A new method of calculating and presenting fund fees has been proposed by the Investment Association (IA, previously the Investment Management Association, IMA).
The paper has been published in the hope fund groups should use a new consistent calculation and presentation methodology for turnover rate within vehicles.
The paper, ‘Meaningful Disclosure of Costs and Charges’, outlines the trade body’s contribution to the charges debate. It has spent the past three years championing work on the clearest way to compare the costs of fund management. It provides proposals for discussions with the industry, government, regulators and investors and their representatives.
Foremost, the IA states ongoing charges should be calculated and described on a consistent basis and any performance fees and one-off charges should be expressed separately. Charges and transaction fees should also be separately identifiable.
On a historical basis, the trade body suggests both charges and explicit transaction costs should be expressed in monetary terms. On a forward looking basis, where monetary amounts are not known, expression should be as a percentage of average net asset values.
But should fund managers be more specific about costs? Daniel Godfrey, chief executive at the trade body said some costs of investment management are “dis-informative and over-emotive hyperbole”.
Jonothan McColgan, director and chartered financial planner at Bath-based advisers Combined Financial Strategies, describes the paper as having consumer interest at the heart of what it wants to achieve. He added the trade body also seems to be willing to have an open discussion with the industry on how to resolve the problem with AMC figures not accurately reflecting the true total cost of investing.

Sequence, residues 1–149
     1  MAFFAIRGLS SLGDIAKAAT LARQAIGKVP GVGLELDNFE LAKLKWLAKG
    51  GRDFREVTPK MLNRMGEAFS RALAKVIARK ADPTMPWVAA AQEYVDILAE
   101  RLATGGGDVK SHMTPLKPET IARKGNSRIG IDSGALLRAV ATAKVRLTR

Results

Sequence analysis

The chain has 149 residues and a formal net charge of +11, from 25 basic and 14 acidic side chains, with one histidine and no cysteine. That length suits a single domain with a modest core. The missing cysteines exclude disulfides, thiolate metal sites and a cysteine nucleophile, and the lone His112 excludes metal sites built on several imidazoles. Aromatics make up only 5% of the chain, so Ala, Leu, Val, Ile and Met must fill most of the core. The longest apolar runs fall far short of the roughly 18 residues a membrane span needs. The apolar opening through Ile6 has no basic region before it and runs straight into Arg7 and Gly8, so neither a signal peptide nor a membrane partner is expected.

“The problem however, is that much of the additional fees are accrued by the process of trading and as such constantly vary. So last year’s trading fees may not accurately reflect trading fees going forward.”
Mr McColgan thinks the more information the better. “Not only should fund managers declare these trading costs but they should be averaged over three years and all performance figures should be shown net of total costs so clients can see what level of real return they are getting for their money.”
But being clear about charges has not been positive for Hargreaves Lansdown in its first year of using clean pricing.
The adviser group reported a slight dip in profit before tax in its interim results for the six months to 31 December. One of the reasons cited for the drop in profits – which fell from
£104.1m to £101.9m – was lower interest rates and lower post-RDR charges which have contributed to a reduced net revenue margin on its Vantage platform.
Its clean pricing structure was introduced in March 2014, and Vantage has seen its revenue margin on funds held fall from 60bps to 47bps. This was in line with the firm’s expectations.